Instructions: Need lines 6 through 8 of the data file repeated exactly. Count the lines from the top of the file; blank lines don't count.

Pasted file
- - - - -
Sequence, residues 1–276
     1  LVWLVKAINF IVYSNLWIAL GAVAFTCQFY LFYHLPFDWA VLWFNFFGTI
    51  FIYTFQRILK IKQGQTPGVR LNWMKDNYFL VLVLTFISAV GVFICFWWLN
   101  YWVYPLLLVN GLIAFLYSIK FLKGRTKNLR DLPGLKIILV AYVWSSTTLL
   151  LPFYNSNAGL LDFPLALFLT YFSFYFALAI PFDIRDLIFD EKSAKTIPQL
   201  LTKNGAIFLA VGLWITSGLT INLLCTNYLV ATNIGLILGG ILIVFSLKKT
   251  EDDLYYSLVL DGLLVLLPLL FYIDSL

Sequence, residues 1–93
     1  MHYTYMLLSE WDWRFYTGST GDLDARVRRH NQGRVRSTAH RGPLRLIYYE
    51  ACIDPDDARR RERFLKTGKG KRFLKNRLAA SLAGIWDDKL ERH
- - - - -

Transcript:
   201  LTKNGAIFLA VGLWITSGLT INLLCTNYLV ATNIGLILGG ILIVFSLKKT
   251  EDDLYYSLVL DGLLVLLPLL FYIDSL

Sequence, residues 1–93